'Total return is the amount of value an investor earns from a security over a specific period, typically one year, when all distributions are reinvested. Total return is expressed as a percentage of the amount invested. For example, a total return of 20% means the security increased by 20% of its original value due to a price increase, distribution of dividends (if a stock), coupons (if a bond) or capital gains (if a fund). Total return is a strong measure of an investment’s overall performance.'

Which means for our asset as example:- Compared with the benchmark SPY (62.4%) in the period of the last 5 years, the total return, or increase in value of 32% of iShares MSCI Switzerland ETF is smaller, thus worse.
- Compared with SPY (39.3%) in the period of the last 3 years, the total return, or performance of 35.5% is smaller, thus worse.

'The compound annual growth rate isn't a true return rate, but rather a representational figure. It is essentially a number that describes the rate at which an investment would have grown if it had grown the same rate every year and the profits were reinvested at the end of each year. In reality, this sort of performance is unlikely. However, CAGR can be used to smooth returns so that they may be more easily understood when compared to alternative investments.'

Which means for our asset as example:- Looking at the annual return (CAGR) of 5.7% in the last 5 years of iShares MSCI Switzerland ETF, we see it is relatively lower, thus worse in comparison to the benchmark SPY (10.2%)
- Compared with SPY (11.7%) in the period of the last 3 years, the annual performance (CAGR) of 10.7% is lower, thus worse.

'Volatility is a statistical measure of the dispersion of returns for a given security or market index. Volatility can either be measured by using the standard deviation or variance between returns from that same security or market index. Commonly, the higher the volatility, the riskier the security. In the securities markets, volatility is often associated with big swings in either direction. For example, when the stock market rises and falls more than one percent over a sustained period of time, it is called a 'volatile' market.'

Applying this definition to our asset in some examples:- Compared with the benchmark SPY (13.5%) in the period of the last 5 years, the historical 30 days volatility of 13.1% of iShares MSCI Switzerland ETF is lower, thus better.
- Looking at volatility in of 11.4% in the period of the last 3 years, we see it is relatively lower, thus better in comparison to SPY (13.2%).

'Downside risk is the financial risk associated with losses. That is, it is the risk of the actual return being below the expected return, or the uncertainty about the magnitude of that difference. Risk measures typically quantify the downside risk, whereas the standard deviation (an example of a deviation risk measure) measures both the upside and downside risk. Specifically, downside risk in our definition is the semi-deviation, that is the standard deviation of all negative returns.'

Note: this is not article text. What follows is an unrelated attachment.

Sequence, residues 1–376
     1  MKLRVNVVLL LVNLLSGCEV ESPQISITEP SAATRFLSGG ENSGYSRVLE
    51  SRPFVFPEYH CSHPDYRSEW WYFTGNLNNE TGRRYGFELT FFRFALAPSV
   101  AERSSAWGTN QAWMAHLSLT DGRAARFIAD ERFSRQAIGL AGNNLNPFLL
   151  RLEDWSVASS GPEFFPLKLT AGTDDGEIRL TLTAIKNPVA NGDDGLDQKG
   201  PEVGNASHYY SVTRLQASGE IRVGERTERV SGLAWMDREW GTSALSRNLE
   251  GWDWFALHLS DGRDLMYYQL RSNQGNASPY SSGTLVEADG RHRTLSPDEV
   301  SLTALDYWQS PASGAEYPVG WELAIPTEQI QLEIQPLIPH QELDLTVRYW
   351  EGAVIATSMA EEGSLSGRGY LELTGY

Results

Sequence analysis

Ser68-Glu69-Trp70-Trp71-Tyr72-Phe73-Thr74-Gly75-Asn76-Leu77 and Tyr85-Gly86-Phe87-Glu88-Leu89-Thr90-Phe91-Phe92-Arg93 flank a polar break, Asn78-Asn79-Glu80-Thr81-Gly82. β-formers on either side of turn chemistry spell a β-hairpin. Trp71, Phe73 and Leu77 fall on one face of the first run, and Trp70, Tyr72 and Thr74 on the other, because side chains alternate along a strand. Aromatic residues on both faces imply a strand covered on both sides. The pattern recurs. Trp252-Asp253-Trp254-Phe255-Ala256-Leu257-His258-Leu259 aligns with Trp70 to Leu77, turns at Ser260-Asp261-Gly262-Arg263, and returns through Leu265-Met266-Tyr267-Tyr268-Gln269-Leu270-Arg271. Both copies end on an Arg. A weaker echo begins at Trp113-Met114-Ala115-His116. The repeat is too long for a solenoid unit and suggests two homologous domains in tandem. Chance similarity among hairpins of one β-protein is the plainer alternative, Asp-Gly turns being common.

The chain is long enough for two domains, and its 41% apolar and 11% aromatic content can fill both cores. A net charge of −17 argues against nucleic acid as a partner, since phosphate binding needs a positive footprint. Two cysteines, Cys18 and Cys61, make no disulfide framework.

Applying this definition to our asset in some examples:- Compared with the benchmark SPY (9.8%) in the period of the last 5 years, the downside volatility of 9.6% of iShares MSCI Switzerland ETF is lower, thus better.
- Compared with SPY (9.8%) in the period of the last 3 years, the downside risk of 8.3% is lower, thus better.

'The Sharpe ratio is the measure of risk-adjusted return of a financial portfolio. Sharpe ratio is a measure of excess portfolio return over the risk-free rate relative to its standard deviation. Normally, the 90-day Treasury bill rate is taken as the proxy for risk-free rate. A portfolio with a higher Sharpe ratio is considered superior relative to its peers. The measure was named after William F Sharpe, a Nobel laureate and professor of finance, emeritus at Stanford University.'

Using this definition on our asset we see for example:- Looking at the risk / return profile (Sharpe) of 0.25 in the last 5 years of iShares MSCI Switzerland ETF, we see it is relatively lower, thus worse in comparison to the benchmark SPY (0.57)
- Compared with SPY (0.69) in the period of the last 3 years, the ratio of return and volatility (Sharpe) of 0.71 is larger, thus better.

'The Sortino ratio measures the risk-adjusted return of an investment asset, portfolio, or strategy. It is a modification of the Sharpe ratio but penalizes only those returns falling below a user-specified target or required rate of return, while the Sharpe ratio penalizes both upside and downside volatility equally. Though both ratios measure an investment's risk-adjusted return, they do so in significantly different ways that will frequently lead to differing conclusions as to the true nature of the investment's return-generating efficiency. The Sortino ratio is used as a way to compare the risk-adjusted performance of programs with differing risk and return profiles. In general, risk-adjusted returns seek to normalize the risk across programs and then see which has the higher return unit per risk.'